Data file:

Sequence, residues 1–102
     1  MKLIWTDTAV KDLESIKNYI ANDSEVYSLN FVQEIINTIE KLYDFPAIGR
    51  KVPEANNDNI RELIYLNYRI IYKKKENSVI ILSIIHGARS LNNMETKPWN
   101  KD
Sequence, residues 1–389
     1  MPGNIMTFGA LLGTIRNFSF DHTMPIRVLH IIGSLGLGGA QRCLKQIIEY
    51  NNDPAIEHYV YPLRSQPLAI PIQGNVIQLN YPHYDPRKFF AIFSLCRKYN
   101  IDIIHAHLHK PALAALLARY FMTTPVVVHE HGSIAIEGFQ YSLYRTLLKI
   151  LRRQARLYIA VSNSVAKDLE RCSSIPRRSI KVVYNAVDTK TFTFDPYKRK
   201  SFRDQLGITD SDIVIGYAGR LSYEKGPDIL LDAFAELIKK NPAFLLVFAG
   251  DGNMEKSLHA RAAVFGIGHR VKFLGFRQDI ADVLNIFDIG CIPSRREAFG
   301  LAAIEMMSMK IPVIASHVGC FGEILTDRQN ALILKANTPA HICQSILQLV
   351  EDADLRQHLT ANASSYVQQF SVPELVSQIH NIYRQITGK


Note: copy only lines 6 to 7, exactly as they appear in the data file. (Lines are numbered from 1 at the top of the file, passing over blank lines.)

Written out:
     1  MPGNIMTFGA LLGTIRNFSF DHTMPIRVLH IIGSLGLGGA QRCLKQIIEY
    51  NNDPAIEHYV YPLRSQPLAI PIQGNVIQLN YPHYDPRKFF AIFSLCRKYN